Balancing Lunch: With schools suing Trump Administration over cafeteria menu, students, staff re-evaluate health, taste of school lunch


Anjali Natarajan

Sophomore Megan Lee purchases school breakfast in the morning. Although she said she brings her food from home when she wants to eat healthy, Lee also believes school food can be a good option sometimes.

Calina He

While lunch is a part of day to relax and eat with friends, it is also a time to supply students’ bodies with the right nutrition. But what can and can’t be served has been the subject of controversy recently. In December, the Trump administration attempted to roll back the Obama-era Healthy and Hunger-Free Kids Act of 2010.

According to NPR, that rollback gave school lunch administrators flexibility in serving refined grains, including white breads, biscuits and white pastas. Last month, a coalition of states and advocacy organizations sued the Trump administration for that rollback.

Caught in the middle of these debates are cafeteria workers and the students themselves. Sophomore MeganLee, who both eats cafeteria lunches and occasionally brings her own lunch, said she sees merit to healthier foods.

“For some people, it’s a reality that they may not be getting healthy foods, so school is an opportunity where they’re guaranteed that they’ll be able to eat these healthy lunches,” she said.

However, while discussions continue nationally regarding lunch servings, CHS has continued to serve lunches according to its own regulations. Food service manager Holly Huepenbecker-Hull said she and her staff work hard to provide the best options for students.

“We work with a dietician,” she said. “The district has a dietician that helps plan the menus for our schools, so we have some input, and we will let her know things that are doing really well.”

At CHS, there are certain regulations that the cafeterias follow. For example, according to Huepenbecker-Hull said, the cafeteria has specific guidelines where they can only offer certain vegetables or other items a certain number of times per week.

“Say a rice bowl that we are having today is a pretty popular (item),” she said. “We do have a certain serving size that we have to use, a certain type of rice that we have to use to meet those components. That’s a menu item that we know kids really like so we tell her to ‘keep that on there, it’s doing really well.’”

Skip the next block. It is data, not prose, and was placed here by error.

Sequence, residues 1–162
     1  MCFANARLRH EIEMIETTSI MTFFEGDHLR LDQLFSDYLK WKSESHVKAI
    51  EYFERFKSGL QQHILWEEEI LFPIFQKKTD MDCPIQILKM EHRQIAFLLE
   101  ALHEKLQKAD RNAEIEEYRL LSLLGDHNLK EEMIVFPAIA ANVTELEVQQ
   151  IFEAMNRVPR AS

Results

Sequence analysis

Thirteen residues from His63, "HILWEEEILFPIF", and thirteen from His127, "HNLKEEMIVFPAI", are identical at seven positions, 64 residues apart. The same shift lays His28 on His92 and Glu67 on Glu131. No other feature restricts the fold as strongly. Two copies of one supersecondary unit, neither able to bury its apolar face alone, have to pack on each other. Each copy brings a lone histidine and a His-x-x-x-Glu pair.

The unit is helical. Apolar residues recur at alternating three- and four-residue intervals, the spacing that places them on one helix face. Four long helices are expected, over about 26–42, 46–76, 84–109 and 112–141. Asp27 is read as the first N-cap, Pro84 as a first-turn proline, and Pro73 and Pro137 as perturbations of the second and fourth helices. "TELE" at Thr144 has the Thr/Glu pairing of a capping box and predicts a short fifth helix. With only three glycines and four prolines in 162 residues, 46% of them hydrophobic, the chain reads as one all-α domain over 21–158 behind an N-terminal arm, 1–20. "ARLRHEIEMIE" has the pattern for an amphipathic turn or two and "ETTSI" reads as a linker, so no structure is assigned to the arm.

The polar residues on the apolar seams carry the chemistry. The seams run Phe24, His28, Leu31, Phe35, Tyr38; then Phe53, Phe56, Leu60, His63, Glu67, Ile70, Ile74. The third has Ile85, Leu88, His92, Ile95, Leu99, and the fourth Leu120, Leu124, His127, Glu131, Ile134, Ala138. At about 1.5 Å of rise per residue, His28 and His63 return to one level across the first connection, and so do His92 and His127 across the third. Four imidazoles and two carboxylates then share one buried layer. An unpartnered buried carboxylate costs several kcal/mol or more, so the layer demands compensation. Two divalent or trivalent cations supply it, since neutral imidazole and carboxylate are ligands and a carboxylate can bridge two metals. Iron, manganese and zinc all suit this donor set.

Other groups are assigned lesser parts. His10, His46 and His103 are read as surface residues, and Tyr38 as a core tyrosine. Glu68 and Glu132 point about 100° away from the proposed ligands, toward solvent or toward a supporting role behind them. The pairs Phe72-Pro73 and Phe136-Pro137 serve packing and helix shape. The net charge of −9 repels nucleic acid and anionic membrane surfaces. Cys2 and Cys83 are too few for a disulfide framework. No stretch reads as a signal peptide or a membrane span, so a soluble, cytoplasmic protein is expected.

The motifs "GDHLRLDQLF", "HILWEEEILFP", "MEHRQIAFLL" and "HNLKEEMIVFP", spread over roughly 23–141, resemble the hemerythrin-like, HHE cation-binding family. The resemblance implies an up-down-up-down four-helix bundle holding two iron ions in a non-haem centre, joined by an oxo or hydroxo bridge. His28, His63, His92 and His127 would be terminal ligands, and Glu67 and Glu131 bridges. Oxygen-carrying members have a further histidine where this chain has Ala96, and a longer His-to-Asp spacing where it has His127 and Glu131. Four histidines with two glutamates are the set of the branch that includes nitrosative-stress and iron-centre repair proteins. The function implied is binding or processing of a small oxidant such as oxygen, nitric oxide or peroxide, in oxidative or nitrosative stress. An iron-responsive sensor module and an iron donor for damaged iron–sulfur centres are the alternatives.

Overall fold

Lee said she has noticed the regulations and said, “I think there definitely are healthy foods in the form of fruits and vegetables, and the fact that to make a full meal you’re encouraged to get like a fruit and a vegetable and milk.”

Junior Adam Meroueh said he also has noticed the restrictions.

“I see regulations being put into place for lunches at CHS, and I think the school has more of a say in deciding what foods students are eating,” he said.

Ultimately, Lee said the school should be responsible for the health of lunches.

Lee said, “The school is the one who is providing (lunch), so if you have all these options in front of students and you encourage them in subtle ways to go for the healthier option instead of a bag of chips everyday, then that’s definitely going to encourage people to eat healthy. It does depend on the student to choose these options, but I do think that the school has some sort of responsibility to provide these options.”

While both Lee and Meroueh said the school currently has the most control over the health of lunches, they said students should have more control.

Meroueh said, “Students should still have a say in what they’re eating.”

On days when Lee wants to eat more healthy, she said she often chooses to bring her own lunch.

She said, “Being honest, (during the) times that I try to stay healthy, I pack my own lunch, so that way I can figure out what fruits and vegetables I want to eat and I can make my own sandwich or something that has healthier options other than the school food.”

Huepenbecker-Hull, however, said the school lunch is just as healthy as student-packed lunches.

“I would say most of the health of school lunches is based off of what kids get,” she said. “In general what we offer is fairly healthy. If kids will take an entree and all the components in it including the two veggies, two fruits and a milk, that is a healthy lunch.”

“If they have the money to buy the more unhealthy foods, we can’t tell them, ‘Oh it’s not healthy you can’t buy that,’” she added. “So especially at this age we rely on kids to regulate that and to balance themselves and to know what’s excessive and what’s reasonable.”

Anjali Natarajan
Sophomore Megan Lee looks at drinks in the cafeteria. She said she actively tries to find healthier options when eating school lunch.